“Why We Do What We Do” is an ongoing series exploring common practices that architects and builders have employed for hundreds of years, and how those same practices are being reinvented, but not necessarily replaced, in the modern age. Other entries include: “Why We Draw” and “Why We Model”
Architecture and Design journal eVolo recently reported on preliminary plans for a new “World’s Tallest Skyscraper”. Actually a pair of buildings, the Phoenix Towers will supposedly stand 3,280 feet over Central China. But the proposition may not be as outlandish as it seems. A recent slew of high-profile, high-rise buildings has re-affirmed that the quest to build upward is not dead. All of this begs the question: what is the fascination with building tall?
Why did we build up?
Building “up” is among architecture’s oldest endeavors. It is as old as the Tower of Babel—man’s quest to climb to heaven. The connection between height and asserting superiority continued through the Egyptian Obelisk, the Colossus of Rhodes, and even the clean verticality of a Greek column. But a stark shift occurred with the birth of new religious architecture. People still continued to build upwards, but now as a means to draw peoples’ gaze to heaven, not to themselves. The church spire or minaret became the tallest point in a city, and remained so for centuries.
Why do we build up?
But just before the 20th century, the rise of commercial towers changed the focus again. If ancient towers were an assertion of superiority, and religious towers were an assertion of worship, then commercial towers were an assertion of pragmatism. Common materials combined in predictable ways to service many people in one place became the new aspiration of the high-rise. The rights to the title “tallest building” has been claimed and reclaimed over a dozen times in the last hundred years. SOM’s Burj Khalifa has garnered the most recent fame, and at 2,700 feet, still holds the world below it. But in the four years since its completion, a number of competitors have emerged, and they often claim efficiency, not just a philosophical statement, as the reason for their height. The Cayan Tower, (also by SOM and also in Dubai) is a 1,000 foot twisting structure built on the principals of repetition and efficiency. It achieves its unique form by replicating the same windows and floor plan at slight variations on each level.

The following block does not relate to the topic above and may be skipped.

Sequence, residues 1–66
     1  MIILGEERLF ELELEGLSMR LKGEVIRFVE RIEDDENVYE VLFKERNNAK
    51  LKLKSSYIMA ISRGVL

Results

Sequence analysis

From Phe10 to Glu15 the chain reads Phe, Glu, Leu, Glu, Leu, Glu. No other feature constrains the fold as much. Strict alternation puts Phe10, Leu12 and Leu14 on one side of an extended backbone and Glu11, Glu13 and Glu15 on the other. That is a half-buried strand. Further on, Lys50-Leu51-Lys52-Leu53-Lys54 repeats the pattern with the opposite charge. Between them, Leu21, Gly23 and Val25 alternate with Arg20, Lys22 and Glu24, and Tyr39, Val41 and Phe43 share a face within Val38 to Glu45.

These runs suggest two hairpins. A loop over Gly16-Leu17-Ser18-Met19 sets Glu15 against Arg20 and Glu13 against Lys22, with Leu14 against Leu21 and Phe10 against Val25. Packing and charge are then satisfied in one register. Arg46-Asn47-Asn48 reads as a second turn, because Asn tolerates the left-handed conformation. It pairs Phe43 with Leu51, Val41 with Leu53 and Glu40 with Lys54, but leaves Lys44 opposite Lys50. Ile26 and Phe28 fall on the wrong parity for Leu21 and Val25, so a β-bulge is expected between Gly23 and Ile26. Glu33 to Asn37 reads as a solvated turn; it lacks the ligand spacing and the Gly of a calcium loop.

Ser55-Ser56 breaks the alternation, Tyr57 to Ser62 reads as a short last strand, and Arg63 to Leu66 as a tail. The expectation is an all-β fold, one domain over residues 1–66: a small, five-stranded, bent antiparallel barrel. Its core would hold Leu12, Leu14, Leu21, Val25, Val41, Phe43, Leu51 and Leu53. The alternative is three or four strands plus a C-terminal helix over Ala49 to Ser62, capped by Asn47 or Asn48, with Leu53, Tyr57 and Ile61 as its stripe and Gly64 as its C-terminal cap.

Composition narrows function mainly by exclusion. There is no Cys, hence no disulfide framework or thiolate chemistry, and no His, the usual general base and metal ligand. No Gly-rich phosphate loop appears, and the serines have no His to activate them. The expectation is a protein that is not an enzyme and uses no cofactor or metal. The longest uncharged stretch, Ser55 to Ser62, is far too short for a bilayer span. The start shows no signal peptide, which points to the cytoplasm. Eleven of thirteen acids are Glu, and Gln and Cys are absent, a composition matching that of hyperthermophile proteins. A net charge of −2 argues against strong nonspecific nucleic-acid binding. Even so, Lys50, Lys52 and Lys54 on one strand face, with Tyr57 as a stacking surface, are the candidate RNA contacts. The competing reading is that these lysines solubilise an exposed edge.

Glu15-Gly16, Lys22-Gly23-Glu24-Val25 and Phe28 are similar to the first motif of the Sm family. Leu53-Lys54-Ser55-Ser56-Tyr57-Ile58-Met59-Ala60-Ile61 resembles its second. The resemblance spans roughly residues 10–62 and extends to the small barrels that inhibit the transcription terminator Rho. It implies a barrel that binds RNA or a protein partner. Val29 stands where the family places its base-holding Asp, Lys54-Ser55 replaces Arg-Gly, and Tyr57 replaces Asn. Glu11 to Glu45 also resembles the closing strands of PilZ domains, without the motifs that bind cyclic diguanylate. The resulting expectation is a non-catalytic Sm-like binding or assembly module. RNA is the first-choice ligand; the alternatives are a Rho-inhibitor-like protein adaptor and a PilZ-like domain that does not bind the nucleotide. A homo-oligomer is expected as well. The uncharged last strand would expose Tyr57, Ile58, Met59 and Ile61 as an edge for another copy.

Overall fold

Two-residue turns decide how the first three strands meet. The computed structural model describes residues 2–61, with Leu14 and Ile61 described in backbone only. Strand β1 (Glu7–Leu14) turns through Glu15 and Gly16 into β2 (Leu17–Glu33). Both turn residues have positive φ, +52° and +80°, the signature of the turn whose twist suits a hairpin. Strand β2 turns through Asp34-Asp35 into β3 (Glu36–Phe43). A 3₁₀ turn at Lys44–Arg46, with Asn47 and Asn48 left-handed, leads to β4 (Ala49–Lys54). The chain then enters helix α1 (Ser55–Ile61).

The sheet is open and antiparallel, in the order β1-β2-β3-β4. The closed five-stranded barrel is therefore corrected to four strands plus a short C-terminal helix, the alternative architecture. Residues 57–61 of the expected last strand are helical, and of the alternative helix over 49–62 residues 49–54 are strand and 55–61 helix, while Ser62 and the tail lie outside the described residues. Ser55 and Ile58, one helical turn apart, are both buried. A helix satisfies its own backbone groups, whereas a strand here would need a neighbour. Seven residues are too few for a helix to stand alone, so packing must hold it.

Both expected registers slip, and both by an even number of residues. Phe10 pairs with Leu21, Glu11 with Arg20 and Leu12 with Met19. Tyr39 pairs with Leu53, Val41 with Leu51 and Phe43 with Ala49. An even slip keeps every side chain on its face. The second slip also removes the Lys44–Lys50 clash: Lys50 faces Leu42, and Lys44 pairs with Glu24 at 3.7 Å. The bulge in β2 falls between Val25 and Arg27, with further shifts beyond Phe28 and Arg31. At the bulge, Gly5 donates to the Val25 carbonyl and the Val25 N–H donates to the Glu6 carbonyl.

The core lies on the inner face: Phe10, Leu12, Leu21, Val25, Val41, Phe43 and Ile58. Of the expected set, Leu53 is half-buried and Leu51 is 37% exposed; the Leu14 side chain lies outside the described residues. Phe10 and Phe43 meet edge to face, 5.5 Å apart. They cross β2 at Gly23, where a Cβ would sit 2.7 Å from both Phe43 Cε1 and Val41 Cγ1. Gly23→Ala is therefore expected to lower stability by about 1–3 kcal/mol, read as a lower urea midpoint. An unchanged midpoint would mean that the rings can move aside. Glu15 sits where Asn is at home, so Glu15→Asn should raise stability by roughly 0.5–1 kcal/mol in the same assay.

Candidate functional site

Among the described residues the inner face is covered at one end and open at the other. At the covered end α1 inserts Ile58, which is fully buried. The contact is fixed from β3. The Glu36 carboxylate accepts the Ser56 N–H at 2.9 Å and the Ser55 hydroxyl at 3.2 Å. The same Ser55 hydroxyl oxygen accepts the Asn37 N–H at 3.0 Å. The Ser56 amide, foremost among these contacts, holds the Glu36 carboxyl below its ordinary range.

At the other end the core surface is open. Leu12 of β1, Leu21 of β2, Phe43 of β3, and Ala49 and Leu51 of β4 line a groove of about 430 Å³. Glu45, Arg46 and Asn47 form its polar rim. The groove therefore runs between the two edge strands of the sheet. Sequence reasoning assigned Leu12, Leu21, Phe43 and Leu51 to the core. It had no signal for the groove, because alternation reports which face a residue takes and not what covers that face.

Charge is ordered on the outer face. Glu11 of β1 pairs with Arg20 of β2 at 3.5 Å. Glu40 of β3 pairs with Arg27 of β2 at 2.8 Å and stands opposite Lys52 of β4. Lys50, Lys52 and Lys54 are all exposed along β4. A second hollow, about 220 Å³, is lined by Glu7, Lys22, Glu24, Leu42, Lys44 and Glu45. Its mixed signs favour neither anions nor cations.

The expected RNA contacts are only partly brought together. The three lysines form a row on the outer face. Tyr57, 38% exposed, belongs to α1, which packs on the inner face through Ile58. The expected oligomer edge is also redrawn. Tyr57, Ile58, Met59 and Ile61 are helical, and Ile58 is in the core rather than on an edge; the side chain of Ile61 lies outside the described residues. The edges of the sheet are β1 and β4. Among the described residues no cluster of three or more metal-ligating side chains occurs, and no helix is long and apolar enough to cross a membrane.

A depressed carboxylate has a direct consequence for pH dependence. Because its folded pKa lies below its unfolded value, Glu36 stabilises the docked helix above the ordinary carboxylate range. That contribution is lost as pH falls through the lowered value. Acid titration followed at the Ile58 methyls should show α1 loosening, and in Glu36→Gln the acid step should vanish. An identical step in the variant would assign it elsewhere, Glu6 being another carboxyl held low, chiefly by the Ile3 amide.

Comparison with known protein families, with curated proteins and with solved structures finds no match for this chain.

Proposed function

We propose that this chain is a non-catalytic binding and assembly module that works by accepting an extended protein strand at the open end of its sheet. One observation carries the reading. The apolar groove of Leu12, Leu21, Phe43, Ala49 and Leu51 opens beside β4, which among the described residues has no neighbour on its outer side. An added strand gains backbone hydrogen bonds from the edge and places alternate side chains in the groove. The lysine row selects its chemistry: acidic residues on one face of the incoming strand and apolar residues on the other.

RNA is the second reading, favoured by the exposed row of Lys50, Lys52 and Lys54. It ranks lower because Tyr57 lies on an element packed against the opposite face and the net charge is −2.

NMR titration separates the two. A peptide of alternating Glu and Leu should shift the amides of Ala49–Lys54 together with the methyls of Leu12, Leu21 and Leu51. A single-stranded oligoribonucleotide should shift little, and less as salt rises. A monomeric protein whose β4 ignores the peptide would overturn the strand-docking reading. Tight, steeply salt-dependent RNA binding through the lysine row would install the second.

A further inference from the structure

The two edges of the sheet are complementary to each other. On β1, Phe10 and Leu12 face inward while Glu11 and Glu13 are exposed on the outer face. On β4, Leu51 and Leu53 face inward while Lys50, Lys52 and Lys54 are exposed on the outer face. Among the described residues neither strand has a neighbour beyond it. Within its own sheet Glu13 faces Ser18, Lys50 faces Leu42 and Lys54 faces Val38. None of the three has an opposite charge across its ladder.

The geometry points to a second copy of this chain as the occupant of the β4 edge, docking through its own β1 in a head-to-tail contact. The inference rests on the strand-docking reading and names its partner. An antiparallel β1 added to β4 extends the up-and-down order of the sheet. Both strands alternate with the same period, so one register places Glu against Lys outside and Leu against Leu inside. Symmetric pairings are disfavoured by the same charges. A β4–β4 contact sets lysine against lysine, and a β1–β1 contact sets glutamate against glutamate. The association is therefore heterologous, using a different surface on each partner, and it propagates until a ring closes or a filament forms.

In 2013, ground was broken for the Sky City in China. Designed to be 27 feet taller than the Burj Khalifa, the Sky Tower is expected to be complete in 10 months, over four-times quicker than its Dubai competitor. At least in some areas, tall buildings are actually becoming more prevalent due the efficiency of their design, construction, and use.
Does CRSA build up?
CRSA doesn’t often have the opportunity to build up, but it still happens, particularly in our Preservation and Religious work. Our renovation of Salt Lake’s Walker tower blends both the pragmatism of a 16-story, downtown building, and the less-than-subtle flourish of the 64-foot weather tower at its top. Building up doesn’t appear to be vanishing anytime soon. And while pragmatism reigns, there is surely some part of the primal human still present. If all buildings make statements, then tall buildings still speak loudly.